By Eduardo D. Simafrania
TODAY is a nonworking special holiday to
commemorate the death anniversary of one of the nation’s heroes,
Ninoy Aquino. He was shot in the head on August 21, 1983, by
government soldiers as they escorted him down the steps of an
airplane at the Manila International Airport (now renamed after him)
in Pasay City.
At the time, Aquino was coming home from the
United States after years of exile. It was a gruesome murder that
shook the whole world.
The bullet’s trajectory pierced one of his
eyes from the back of his head. The wake later held at the Santo
Domingo Church in Quezon City saw a mammoth crowd so much in grief
over the loss of a people’s hero. The funeral drew one of the
biggest crowds in Philippine history. It portended the coming of
another big event—the EDSA People Power revolt in February
1986—which brought the downfall of President Ferdinand Marcos
under whose repressive administration the Aquino assassination took
The Aquino tragedy brought another unpleasant
memory—the bombing of Plaza Miranda in 1971. Quite interesting is
that the Plaza Miranda bombing and the Aquino murder happened on the
same date, August 21. I do not want to quarrel with the so-called
academicians in our educational system who seem to advocate sex
education in our public schools more than underscoring the
watersheds of our history as a people.
The Plaza Miranda incident refers to the bombing
of the Liberal Party miting de avance during the 1971 senatorial
election campaign. Marcos blamed the communists for masterminding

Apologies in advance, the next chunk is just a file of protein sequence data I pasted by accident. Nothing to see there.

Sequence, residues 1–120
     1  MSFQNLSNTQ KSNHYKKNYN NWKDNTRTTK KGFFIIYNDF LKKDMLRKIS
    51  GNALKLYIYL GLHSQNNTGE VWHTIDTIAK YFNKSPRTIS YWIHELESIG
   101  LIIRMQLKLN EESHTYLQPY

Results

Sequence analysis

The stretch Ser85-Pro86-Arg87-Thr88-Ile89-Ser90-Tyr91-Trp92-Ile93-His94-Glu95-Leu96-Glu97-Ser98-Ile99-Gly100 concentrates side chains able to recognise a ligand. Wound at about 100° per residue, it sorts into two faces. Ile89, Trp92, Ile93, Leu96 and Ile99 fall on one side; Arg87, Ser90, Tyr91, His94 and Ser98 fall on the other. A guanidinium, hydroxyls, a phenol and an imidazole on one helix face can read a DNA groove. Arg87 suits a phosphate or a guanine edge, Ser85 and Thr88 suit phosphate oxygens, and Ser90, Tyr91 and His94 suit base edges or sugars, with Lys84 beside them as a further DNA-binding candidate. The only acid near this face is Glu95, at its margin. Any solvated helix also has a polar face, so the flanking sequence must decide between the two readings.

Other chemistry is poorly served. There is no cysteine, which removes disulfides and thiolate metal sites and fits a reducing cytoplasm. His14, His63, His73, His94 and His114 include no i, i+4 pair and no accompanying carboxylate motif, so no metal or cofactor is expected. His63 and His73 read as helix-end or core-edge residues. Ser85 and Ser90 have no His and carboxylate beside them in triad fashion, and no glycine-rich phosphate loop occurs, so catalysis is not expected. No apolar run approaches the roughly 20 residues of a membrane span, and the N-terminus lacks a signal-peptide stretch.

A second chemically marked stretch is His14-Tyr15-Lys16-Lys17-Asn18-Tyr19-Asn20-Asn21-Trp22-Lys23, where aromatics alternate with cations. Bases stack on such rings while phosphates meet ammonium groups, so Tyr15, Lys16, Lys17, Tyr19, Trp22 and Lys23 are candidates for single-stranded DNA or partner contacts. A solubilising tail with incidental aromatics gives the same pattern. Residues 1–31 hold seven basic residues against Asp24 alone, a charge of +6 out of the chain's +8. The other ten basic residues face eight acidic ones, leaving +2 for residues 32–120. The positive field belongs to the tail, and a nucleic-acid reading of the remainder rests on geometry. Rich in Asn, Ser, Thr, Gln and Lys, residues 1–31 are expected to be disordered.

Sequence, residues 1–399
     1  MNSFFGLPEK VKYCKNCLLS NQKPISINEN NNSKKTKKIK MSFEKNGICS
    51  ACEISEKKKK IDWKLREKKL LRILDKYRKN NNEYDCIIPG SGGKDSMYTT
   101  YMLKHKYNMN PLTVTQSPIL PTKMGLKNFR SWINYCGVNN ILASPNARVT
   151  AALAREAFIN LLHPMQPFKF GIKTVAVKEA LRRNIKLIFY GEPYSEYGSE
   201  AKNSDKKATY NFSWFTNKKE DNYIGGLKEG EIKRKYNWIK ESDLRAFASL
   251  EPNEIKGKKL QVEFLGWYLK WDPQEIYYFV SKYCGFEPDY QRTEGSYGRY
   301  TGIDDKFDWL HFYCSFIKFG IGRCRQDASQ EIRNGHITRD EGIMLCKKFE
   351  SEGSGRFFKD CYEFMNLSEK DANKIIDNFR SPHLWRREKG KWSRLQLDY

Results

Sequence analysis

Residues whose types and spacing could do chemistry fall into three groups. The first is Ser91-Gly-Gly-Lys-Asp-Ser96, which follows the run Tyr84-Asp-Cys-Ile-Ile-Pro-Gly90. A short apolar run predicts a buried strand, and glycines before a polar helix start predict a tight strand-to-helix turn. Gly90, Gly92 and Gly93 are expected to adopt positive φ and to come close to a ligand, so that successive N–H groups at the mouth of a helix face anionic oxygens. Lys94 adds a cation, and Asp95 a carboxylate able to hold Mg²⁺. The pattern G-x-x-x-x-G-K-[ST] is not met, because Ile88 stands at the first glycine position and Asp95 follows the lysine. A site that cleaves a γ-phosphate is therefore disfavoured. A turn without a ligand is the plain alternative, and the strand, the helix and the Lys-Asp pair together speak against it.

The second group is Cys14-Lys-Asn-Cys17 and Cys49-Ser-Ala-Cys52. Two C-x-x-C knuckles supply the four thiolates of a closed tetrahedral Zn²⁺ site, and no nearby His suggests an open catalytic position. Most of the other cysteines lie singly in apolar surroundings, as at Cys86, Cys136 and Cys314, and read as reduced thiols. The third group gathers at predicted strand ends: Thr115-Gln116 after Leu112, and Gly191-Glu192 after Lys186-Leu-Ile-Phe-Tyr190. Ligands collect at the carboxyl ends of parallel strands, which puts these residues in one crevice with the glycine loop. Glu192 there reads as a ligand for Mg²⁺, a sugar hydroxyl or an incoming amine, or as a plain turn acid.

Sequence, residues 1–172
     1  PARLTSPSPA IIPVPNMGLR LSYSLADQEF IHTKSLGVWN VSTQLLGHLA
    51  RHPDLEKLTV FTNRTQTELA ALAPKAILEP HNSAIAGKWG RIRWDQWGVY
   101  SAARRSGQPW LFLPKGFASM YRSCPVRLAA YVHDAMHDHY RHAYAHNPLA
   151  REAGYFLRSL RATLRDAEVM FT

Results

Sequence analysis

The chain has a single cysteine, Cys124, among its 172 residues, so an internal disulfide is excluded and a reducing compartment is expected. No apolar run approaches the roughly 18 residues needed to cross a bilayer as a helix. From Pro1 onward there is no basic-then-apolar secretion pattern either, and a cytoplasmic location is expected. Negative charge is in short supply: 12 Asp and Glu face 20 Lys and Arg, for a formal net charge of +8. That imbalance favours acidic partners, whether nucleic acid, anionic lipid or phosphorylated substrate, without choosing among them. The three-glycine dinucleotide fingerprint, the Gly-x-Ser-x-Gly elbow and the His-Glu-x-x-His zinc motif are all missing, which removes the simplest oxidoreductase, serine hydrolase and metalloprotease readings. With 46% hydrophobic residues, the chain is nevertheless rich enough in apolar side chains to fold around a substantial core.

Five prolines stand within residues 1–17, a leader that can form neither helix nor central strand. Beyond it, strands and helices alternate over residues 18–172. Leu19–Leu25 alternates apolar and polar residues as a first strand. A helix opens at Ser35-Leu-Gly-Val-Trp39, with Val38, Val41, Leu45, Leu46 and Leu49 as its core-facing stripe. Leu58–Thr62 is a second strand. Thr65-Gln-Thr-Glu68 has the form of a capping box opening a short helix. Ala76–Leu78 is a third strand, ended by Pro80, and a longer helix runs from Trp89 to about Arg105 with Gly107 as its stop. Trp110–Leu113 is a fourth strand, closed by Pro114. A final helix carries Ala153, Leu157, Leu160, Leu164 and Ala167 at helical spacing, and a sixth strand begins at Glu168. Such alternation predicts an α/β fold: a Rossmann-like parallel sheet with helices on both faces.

the bombing and suspended the writ of habeas corpus. At the time,
many people suspected the late dictator as the mastermind of the
Aquino killing for three reasons: to stop the scheduled exposé of
corruption in his government; to cripple the political opposition,
which was the LP; and to justify the crushing of the protest
It was later hypothesized, however, that the
death of Aquino could not have been the handiwork of Marcos since,
according to analysts, the dictator would have made Aquino a hero if
he had ordered the killing. That the communists were the culprit in
the bombing was advanced as a more credible theory.
The kleptocracy and dictatorial tendencies,
which had characterized the Marcos regime in the 1970s to the 1980s,
are still very much evident today. The so-called Marcosian
tendencies were exemplified in a number of presidential decrees
issued during martial law, some of which were illegal per se. This
is the trend now and will continue forever unless government
functionaries turn around 180 degrees and the military generals give
up their power. Our nation is treading on dangerous ground because
the military will never yield their power, which they have continued
to wield since the time of Marcos.
For all of us, the death of Ninoy Aquino is
worth commemorating. Let us ponder on its political significance.
After that tragic event, we were given so much opportunity to change
ourselves for the better only to be spoiled by the crooks and
politicians who refused to change. They have prevented Cory Aquino,
Ninoy’s widow who later became president, to change the political
landscape and blocked the implementation of fresh advocacies. To
paraphrase a saying, crooks with their chicanery never die, they
just fade away.
The political will of every freedom-loving
Filipino was shown when they staged the People Power revolt. It was
a Filipino invention that brought down a corrupt regime. Many
countries learned from us by holding their own people power
revolution to eliminate ruling dictators and bring about drastic
economic and political reforms . . .
Eduardo D. Simafrania is a recent graduate of the
School of The Manila Times